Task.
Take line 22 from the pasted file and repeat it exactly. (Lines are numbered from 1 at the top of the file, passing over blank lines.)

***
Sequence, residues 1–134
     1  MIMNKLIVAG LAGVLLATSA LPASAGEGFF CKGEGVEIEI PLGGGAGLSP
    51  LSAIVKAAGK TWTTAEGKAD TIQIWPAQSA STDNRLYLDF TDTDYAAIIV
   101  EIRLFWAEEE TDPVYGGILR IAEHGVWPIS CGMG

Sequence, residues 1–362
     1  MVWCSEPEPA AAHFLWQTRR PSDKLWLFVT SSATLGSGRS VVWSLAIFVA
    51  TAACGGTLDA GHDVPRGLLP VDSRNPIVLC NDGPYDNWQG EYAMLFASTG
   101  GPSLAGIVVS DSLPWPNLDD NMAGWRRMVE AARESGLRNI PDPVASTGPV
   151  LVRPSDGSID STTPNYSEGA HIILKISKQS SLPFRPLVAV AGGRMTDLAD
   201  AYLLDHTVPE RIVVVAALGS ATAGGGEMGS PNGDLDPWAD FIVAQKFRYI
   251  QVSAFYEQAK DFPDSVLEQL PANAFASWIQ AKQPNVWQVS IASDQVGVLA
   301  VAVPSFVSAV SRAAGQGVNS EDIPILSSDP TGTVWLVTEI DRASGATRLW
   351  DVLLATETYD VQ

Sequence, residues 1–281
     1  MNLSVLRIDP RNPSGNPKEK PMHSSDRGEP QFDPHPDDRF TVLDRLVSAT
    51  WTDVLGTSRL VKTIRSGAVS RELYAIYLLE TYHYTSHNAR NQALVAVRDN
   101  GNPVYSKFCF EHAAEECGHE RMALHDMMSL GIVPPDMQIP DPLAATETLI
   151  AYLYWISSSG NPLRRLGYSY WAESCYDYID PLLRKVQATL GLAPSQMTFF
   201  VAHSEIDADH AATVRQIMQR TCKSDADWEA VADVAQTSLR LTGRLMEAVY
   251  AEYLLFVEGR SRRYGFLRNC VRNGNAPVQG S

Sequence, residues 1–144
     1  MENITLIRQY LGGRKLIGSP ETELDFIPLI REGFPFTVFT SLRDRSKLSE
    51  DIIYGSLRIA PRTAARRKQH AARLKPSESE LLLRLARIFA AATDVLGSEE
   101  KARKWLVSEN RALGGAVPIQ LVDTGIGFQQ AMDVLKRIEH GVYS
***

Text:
     1  MENITLIRQY LGGRKLIGSP ETELDFIPLI REGFPFTVFT SLRDRSKLSE